It is usual for companies investing massively in research and development to have a strict product information disclosure policy. For months, engineers work in a relative secret, without being able to tell anyone what they do… until the D-day arrives, when the product is officially announced, when the product life begins in the outside world…
Category - Business
Sunday, November 2 2008, 22:33
Wednesday, September 24 2008, 13:30
In several recent conversations between Fred and me, we discussed a lot about Microsoft’s marketing strategy, which tends to lag a bit behind compared to that of Apple or Google. The recent advertisement from Microsoft featuring Bill Gates and Jerry Seinfeld was hardly a response to the marketing war led by Microsoft’s competitors who do not hesitate to criticize Microsoft and make its customers like fools. But for now, let’s think about why the Gates/Seinfeld advertisement couldn't be as popular as they could have expected...
Sunday, August 31 2008, 17:09
If there is one thing we can say safely, it is that the french president, Nicolas Sarkozy make tongues wag, and not only in his own country, which is why I am allowing myself to comment this news concerning France, but also technology and how it is seen by the french government in particular.
Xavier Niel, one of the most prominent figures of the french Internet Service Provider "Free", declared this week that Free wasn't intending to apply the Hadopi law, at least as it is. Hadopi is a law still in project supposed to prevent piracy on the Internet and Peer-to-Peer downloading of movies and artists. It wouldn't be the first time such a law would be put in place and fail: other countries tried this and lamentably failed. The biggest weapon to stop piracy in this law is what they call "graduated riposte": the supposed copyright-infringing downloader receives one e-mail everytime he gets caught using his Internet connection to download illegal files, and if he fails to comply, ultimately gets his connection line cut, which he can not renew at another ISP for 3 months.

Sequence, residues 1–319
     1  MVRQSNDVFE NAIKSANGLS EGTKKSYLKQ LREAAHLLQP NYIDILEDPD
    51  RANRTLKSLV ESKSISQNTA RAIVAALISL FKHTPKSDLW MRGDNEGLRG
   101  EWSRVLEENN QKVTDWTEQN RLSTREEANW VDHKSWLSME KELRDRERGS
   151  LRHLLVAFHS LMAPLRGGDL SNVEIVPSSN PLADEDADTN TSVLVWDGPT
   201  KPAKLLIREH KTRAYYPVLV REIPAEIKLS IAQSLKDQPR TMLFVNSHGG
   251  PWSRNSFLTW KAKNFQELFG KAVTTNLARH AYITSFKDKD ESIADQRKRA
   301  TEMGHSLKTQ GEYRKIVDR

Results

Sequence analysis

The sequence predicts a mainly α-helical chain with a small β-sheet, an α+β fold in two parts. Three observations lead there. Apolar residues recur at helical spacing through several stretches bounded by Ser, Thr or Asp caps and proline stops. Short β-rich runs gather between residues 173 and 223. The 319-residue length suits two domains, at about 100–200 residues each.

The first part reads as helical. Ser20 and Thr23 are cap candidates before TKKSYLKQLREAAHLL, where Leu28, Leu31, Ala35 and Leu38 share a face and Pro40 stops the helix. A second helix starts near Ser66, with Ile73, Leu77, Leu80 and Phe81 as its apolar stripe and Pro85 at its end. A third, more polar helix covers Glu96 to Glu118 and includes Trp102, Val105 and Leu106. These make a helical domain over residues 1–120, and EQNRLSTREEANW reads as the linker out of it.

Thursday, July 24 2008, 11:31
Some days ago, I read a story about a MySQL support engineer named Andrii Nikitin, whose son, Ivan, has a mortal disease and is requiring a bone marrow transplant operation to keep living. Unfortunately, Andrii Nikitin lives in Ukraine and it seems this country does not have locally the technology to perform this complex surgery operation, which does not seem to be covered by their social security system either. The total cost of the operation is expected to range between $235.000 and $400.000 (gotta love accurate estimates, but I guess it can’t be helped with health issues).
Saturday, July 19 2008, 14:13
A couple of days ago, Nik Cubrilovic published a very interesting post on TechCrunchIT, trying to find the reasons why startup integration in Google is often a failure. The list he provides is indeed quite impressive, and the company itself often stresses that its best products were developed as internal 20% projects, not by acquired startups.
According to him, the main issue is the technology gap between Google and the acquired startup. Usually the startups use quite standard tools with well-known languages (C++, Java and Python among them), while Big G uses its own set of proprietary technologies, especially for distributed computing. Then, when joining Google, the startup developers have to adapt the existing architectures to the new one, which they don't know since it is proprietary. A lot of headaches in perspective...